Vincent van Gogh - Langlois Bridge at Arles 1888

Langlois Bridge at Arles 1888
Langlois Bridge at Arles
Oil on canvas 60.0 x 65.0 cm.Arles: April, 1888
Paris: Private collection

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The Letters of Vincent van Gogh

To Theo van Gogh. Nuenen, Monday, 15 June 1885.
My dear Theo,
In all likelihood you’ll have received the little crate in the last few days. I wanted to tell you that I have another similar thing, a white wattle-and-daub cottage, the size slightly more in the width.
Yesterday I was at a large forest fire on a sweltering afternoon. It was a wood in the middle of a bare stretch of heath, and the sight was very singular because of the amazing masses of black and white smoke that were rising straight up. The fire confined itself to the heather, the pine needles and dry branches, though. The trunks remained standing. I’m very busy with the figure drawings; however I’ll have to make 100 or so before I paint them, since that will save me time and money.
I believe I’ll get them rounder and fuller than before.
I have absolutely no money, though, and scarcely know how to get through the month. From time to time I can become dispirited that it will always just stay the same, selling nothing. Still, I carry on and steel myself against it.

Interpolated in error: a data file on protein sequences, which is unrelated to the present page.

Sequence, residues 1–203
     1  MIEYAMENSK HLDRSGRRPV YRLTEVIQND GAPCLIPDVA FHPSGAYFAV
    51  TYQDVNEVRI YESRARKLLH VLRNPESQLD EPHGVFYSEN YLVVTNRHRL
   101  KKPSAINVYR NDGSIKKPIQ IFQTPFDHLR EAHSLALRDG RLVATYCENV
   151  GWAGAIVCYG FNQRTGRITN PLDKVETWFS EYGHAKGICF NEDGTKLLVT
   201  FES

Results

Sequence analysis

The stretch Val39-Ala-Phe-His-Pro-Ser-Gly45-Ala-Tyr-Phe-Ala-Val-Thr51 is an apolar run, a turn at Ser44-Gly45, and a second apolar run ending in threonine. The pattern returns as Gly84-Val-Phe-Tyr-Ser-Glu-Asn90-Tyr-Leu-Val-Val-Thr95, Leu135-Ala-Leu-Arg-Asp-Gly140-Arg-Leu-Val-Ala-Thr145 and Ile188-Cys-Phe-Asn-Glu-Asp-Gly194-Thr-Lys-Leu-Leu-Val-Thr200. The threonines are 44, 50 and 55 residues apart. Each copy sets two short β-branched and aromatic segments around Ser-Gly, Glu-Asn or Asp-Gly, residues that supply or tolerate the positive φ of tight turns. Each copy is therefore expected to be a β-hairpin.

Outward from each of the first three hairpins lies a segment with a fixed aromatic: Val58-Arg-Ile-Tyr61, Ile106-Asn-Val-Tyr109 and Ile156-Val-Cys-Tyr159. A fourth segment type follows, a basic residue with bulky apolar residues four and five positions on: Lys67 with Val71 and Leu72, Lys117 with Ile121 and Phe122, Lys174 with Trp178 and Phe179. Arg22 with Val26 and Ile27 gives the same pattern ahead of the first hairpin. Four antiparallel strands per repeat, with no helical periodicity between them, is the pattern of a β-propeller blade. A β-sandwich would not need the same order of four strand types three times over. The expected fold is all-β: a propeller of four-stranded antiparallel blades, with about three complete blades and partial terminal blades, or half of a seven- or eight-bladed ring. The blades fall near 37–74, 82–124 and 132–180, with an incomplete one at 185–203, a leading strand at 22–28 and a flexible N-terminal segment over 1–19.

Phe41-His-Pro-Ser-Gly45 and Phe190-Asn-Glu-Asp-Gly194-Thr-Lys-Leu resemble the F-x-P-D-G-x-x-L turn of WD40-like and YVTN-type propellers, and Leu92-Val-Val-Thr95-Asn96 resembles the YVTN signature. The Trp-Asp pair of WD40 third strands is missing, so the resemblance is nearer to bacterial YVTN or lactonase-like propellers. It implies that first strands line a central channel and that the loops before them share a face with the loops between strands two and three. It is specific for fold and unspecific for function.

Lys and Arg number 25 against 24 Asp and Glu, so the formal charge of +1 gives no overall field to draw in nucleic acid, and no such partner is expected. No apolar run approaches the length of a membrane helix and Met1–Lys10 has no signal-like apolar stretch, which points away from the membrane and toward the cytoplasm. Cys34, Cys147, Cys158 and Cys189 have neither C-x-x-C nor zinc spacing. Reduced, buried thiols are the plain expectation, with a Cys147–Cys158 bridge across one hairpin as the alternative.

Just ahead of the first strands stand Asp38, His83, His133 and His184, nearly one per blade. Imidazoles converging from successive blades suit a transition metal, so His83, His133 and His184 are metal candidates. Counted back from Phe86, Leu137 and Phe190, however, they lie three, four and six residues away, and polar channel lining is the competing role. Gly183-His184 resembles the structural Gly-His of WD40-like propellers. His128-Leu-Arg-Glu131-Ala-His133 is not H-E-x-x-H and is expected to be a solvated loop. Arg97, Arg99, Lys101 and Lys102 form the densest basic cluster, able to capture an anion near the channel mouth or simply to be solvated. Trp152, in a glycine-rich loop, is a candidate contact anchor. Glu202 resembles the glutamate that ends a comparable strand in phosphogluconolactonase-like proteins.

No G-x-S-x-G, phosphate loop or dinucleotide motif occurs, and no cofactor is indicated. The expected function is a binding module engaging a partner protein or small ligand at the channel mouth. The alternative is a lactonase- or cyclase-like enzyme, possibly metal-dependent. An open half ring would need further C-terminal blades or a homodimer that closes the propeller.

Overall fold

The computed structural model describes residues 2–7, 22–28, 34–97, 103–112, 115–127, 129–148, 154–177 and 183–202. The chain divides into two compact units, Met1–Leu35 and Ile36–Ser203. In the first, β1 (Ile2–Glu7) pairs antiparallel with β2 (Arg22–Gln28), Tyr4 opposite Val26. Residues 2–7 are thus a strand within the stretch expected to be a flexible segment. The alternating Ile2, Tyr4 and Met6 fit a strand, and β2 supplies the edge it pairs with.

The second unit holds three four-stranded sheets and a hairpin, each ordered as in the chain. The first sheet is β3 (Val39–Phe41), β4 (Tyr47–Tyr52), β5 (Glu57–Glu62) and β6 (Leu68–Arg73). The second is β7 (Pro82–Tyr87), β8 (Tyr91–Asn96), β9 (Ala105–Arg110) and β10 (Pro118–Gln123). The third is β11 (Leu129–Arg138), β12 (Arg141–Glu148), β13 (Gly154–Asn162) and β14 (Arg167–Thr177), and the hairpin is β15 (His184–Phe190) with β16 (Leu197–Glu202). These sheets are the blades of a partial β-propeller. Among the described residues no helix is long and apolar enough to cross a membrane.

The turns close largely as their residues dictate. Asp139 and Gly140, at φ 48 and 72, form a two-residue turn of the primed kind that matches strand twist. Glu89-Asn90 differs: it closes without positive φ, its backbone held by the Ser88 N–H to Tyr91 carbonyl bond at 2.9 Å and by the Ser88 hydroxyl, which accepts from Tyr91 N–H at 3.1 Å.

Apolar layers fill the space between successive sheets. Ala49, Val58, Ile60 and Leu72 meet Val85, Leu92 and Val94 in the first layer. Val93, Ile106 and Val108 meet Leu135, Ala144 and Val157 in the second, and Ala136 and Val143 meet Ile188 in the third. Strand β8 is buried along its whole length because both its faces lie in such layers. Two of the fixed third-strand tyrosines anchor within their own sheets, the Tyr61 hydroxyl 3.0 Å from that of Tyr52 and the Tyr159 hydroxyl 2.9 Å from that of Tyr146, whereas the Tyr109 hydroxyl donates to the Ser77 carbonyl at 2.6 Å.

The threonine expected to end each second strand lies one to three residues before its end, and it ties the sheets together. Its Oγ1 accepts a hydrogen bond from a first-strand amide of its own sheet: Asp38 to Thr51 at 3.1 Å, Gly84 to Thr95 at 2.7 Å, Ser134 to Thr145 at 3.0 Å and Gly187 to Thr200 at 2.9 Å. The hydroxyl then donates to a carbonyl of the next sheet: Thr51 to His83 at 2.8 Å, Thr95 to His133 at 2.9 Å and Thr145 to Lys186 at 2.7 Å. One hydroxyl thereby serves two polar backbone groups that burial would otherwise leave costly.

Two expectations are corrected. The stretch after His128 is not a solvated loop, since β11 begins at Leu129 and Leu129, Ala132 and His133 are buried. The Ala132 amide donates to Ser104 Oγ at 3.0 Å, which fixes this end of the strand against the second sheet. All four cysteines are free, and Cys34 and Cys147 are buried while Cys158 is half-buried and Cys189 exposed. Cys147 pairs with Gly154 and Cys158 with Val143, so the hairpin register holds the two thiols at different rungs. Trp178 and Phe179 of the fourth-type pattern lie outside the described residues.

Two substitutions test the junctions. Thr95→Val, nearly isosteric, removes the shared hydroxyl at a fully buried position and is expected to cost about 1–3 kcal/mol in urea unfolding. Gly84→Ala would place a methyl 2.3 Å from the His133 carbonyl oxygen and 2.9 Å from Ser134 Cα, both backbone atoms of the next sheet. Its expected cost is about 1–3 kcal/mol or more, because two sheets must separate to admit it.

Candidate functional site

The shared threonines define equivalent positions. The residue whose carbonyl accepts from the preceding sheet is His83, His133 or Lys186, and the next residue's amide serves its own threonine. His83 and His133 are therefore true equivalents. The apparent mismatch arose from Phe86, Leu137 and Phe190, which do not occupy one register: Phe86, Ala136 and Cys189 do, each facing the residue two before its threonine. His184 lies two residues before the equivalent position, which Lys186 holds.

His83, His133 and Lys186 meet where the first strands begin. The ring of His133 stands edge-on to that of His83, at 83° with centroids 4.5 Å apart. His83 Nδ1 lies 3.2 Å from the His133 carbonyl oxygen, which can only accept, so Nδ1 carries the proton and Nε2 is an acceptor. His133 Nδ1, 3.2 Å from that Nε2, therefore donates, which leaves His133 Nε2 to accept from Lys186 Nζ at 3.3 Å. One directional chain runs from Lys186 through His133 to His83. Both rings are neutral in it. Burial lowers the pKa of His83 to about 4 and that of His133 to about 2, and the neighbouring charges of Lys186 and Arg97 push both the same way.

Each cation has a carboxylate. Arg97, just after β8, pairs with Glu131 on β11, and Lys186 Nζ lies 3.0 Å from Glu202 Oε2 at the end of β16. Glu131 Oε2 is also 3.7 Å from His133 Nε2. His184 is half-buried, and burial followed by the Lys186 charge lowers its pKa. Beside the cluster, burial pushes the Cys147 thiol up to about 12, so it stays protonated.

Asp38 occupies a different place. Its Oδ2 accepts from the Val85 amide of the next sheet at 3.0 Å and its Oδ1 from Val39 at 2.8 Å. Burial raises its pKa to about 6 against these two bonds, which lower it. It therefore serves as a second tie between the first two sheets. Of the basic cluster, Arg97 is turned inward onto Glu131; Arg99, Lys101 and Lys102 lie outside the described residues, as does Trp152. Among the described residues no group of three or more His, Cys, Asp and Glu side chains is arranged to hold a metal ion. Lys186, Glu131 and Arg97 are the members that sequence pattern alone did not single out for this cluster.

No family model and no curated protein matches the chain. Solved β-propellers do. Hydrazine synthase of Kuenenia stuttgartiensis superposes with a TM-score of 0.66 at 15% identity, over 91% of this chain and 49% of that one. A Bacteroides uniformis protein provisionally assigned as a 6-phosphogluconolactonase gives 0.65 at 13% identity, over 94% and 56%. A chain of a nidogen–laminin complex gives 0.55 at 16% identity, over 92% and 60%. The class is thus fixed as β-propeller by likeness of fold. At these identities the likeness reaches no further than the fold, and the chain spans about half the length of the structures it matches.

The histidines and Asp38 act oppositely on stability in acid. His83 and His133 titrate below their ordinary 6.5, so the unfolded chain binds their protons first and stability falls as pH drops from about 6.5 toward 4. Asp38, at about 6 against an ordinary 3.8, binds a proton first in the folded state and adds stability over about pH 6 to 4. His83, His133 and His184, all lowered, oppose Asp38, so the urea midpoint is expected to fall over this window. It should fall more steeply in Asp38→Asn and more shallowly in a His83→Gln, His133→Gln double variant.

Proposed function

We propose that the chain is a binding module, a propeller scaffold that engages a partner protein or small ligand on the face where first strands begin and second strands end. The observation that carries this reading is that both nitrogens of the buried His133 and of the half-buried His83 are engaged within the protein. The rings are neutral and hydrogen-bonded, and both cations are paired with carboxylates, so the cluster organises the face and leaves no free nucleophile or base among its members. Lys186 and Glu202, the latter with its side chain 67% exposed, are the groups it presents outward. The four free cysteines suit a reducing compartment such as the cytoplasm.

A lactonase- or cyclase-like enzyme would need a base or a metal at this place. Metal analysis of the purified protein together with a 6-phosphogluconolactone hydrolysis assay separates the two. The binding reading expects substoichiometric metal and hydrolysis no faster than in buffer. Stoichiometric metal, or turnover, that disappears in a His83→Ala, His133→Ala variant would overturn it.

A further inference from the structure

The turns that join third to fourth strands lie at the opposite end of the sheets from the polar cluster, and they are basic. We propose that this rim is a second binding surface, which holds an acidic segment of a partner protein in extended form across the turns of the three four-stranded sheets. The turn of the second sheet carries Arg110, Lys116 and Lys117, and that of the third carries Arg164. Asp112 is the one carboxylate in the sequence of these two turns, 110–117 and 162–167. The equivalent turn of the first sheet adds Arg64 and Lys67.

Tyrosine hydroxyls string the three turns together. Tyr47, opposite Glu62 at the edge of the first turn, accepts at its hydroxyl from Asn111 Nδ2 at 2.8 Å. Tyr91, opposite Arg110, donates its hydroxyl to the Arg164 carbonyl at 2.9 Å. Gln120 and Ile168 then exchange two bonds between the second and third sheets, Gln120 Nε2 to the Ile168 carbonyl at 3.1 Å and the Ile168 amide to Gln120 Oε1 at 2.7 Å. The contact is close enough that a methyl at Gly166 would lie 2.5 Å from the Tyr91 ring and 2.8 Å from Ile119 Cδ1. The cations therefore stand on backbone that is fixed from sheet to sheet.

Others have borne it, too.
Yours truly,

Wasn’t there a contribution by Lhermitte in May? I say it again — work against indifference — perseverance isn’t easy — but things that are easy mean little.
Painting peasant life is something that remains good, and the fight that others won is still going on and one can win it again. Far from there being too many peasant painters — to my mind it would be better if there could be hundreds more. It’s not a bad idea that in France they’re going to decorate the town halls with subjects from rural life, like a number of the paintings that were at the Salon. I do think that this will be taken still further.
But — it would be even better for the peasant paintings to come into the houses, straight to the people, in the illustrated magazines and other reproductions.
So when I feel discouragement it’s only in passing.
I heard from home that you’d written something to them about Serret, about how he said I could be assured of his sympathy &c. Is Serret a painter, a dealer or an art lover? As of today, I don’t know. I wanted to put Germinal in the crate with the paintings, but in the end was afraid it might fall in among them and be damaged. I’ll put it in the next one, though, or return it by post. I think it magnificent.